Amazon is doling out hiring bonuses as high as $3,000 to make sure it has enough people to squeak through the busy holiday shopping season. That's stoking resentment among existing workers who recently got coupons for Thanksgiving turkeys as a thank-you for their hard work.
Social-media chat rooms where Amazon workers congregate have lit up. One worker shared a photo of a $15 turkey voucher, prompting others to boast that they received coupons for $20 or $25, while others lamented that they got nothing. When a worker in Alabama said his warehouse got $10 vouchers, colleagues joked that it was barely enough to buy a turkey leg. Others mordantly counseled fellow workers to look on the bright side -- at least the turkey vouchers were tax-free, unlike the bonuses.
Amazon's willingness to risk dissension in the ranks reflects a dawning reality: Many Americans are reluctant to re-enter the workforce, despite a national unemployment rate of 6.9%, double the pre-pandemic level. Searches for seasonal work dropped 25% from 2019, according to job site Indeed.
To help avoid delivery delays during what's already shaping up to be a blockbuster holiday season, the world's largest online retailer has decided to throw people at the problem, even if it ends up with too many workers. So a few weeks ago, Amazon began dangling signing bonuses. The sums depend on where the recruits live: $3,000 at some facilities in California and Illinois, $2,000 in Maryland and Massachusetts, and $1,500 at many other facilities across the country.
"People who in the past might be thinking about picking up some money moonlighting with a part-time job are now thinking about the covid-19 risk," said Peter Cappelli, a management professor and director of the Center for Human Resources at the University of Pennsylvania's Wharton School. "Many people without jobs still expect to be recalled, so they are having the same thought, whether picking up a short-term job is worth the risk. That's why it is harder to find people even with the high rates of joblessness."
Amazon did not address Bloomberg's queries about staff concerns. The company offers workers a minimum of $15 an hour, health and retirement benefits, job training and opportunities for career growth, Amazon spokeswoman Rachael Lighty said. "We encourage anyone to compare our overall pay, benefits, and workplace environment to other retailers and major employers across the country," she said.
When the outbreak struck the U.S. earlier this year, Amazon was overwhelmed by a spike in orders as Americans avoided stores. To get deliveries back on track and entice fearful workers to show up, the company offered temporary pay raises of $2 per hour as well as unlimited unpaid time off, no questions asked. Amazon also hired 250,000 workers to keep its operation running smoothly and says it will spend more than $10 billion this year fighting the virus in its warehouses.
In June, with Amazon's stuttering delivery machine regaining momentum, the company ended the pandemic raises and began making workers justify requests for time off. The decision was poorly received in Amazon's shipping facilities, but employees had few alternatives. Now, with coronavirus cases resurging across the country, many workers believe it's time their employer brought back the temporary raises, which many equate to hazard pay.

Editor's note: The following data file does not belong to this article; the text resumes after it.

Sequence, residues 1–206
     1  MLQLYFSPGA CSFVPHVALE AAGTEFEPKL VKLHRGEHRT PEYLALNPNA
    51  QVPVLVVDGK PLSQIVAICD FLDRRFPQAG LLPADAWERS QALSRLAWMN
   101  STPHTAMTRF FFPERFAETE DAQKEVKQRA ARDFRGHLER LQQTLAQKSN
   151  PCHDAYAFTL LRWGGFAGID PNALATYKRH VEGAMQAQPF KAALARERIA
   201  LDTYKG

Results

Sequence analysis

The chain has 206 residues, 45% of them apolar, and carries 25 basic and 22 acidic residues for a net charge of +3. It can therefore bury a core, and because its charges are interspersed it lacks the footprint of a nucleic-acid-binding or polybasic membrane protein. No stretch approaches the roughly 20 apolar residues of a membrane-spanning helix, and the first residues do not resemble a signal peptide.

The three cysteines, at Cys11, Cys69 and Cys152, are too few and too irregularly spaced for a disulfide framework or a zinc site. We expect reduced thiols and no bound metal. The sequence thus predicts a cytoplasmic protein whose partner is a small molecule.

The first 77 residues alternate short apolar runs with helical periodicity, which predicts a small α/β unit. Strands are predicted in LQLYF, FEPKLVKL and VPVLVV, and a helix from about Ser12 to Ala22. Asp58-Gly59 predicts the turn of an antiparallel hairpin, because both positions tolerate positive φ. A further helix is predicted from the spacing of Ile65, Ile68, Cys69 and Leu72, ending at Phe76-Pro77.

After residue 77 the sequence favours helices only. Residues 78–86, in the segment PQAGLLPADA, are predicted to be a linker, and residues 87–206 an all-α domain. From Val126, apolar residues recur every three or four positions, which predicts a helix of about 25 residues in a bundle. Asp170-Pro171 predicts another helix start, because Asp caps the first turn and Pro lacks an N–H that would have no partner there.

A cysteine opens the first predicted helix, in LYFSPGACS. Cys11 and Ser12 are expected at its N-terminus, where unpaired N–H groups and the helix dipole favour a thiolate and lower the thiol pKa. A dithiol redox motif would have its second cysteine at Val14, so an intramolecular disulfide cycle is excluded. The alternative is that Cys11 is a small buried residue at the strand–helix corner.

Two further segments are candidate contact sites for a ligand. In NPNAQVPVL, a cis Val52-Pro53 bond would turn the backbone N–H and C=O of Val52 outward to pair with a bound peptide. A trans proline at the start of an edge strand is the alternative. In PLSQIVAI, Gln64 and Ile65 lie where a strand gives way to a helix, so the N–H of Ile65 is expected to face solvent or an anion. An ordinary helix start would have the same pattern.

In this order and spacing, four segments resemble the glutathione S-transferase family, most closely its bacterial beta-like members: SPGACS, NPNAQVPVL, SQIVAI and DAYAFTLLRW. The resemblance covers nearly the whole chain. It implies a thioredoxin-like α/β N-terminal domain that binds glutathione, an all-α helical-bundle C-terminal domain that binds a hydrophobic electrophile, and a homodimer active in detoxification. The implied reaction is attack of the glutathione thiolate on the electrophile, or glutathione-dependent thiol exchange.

That's why receiving turkey coupons, when newbies are getting bonuses, rankles so much. Some workers see the Butterball-branded vouchers as a slap in the face when they've toiled through the pandemic, helping to push the stock and Chief Executive Officer Jeff Bezos's wealth to record highs. The net worth of the world's wealthiest man has surged more than $67 billion this year to $182.6 billion, according to the Bloomberg Billionaire's index.
"If one worker gets a turkey and another worker gets $3,000, it's the ultimate insult in compensation," said Fred Whittlesey, a compensation expert and former Amazon employee. "People constantly compare. It doesn't matter if it's money, a turkey or a share of stock. If someone got something I didn't get, it immediately creates resentment."
A California warehouse worker, who spoke on the condition of anonymity to avoid angering his employer, said a smiling human-resources representative handed him a $15 turkey voucher at the end of his shift. He used it to buy carne asada. "I was going to put it in the bank because it looked like a check, but it was a grocery voucher you couldn't redeem for cash," the worker said. "They usually give us a few pieces of turkey and an extra 15 minutes for lunch break, but they can't this year because of social distancing."
BIG SHARE OF ONLINE SHOPPING
Amazon has been a primary beneficiary of the pandemic since so many businesses closed during lockdowns and many Americans prefer shopping online to the risk of visiting stores that remain open.
Amazon gets nearly 40 cents of every dollar spent online, according to EMarketer, making it the biggest beneficiary. Amazon's advantage over other retailers grows late in the holiday season thanks to its reputation for prompt delivery.
Amazon warehouse workers in Alabama have filed a petition with the U.S. National Labor Relations Board to form a union.
The federal agency posted a notice dated Friday for a hearing to determine if the petition meets the criteria to advance to the next step. With enough support, it'll proceed to a vote among those working at the warehouse outside Birmingham on whether to unionize and be represented by the Retail, Wholesale and Department Store Union. The recently opened facility in Bessemer employs about 1,500 people.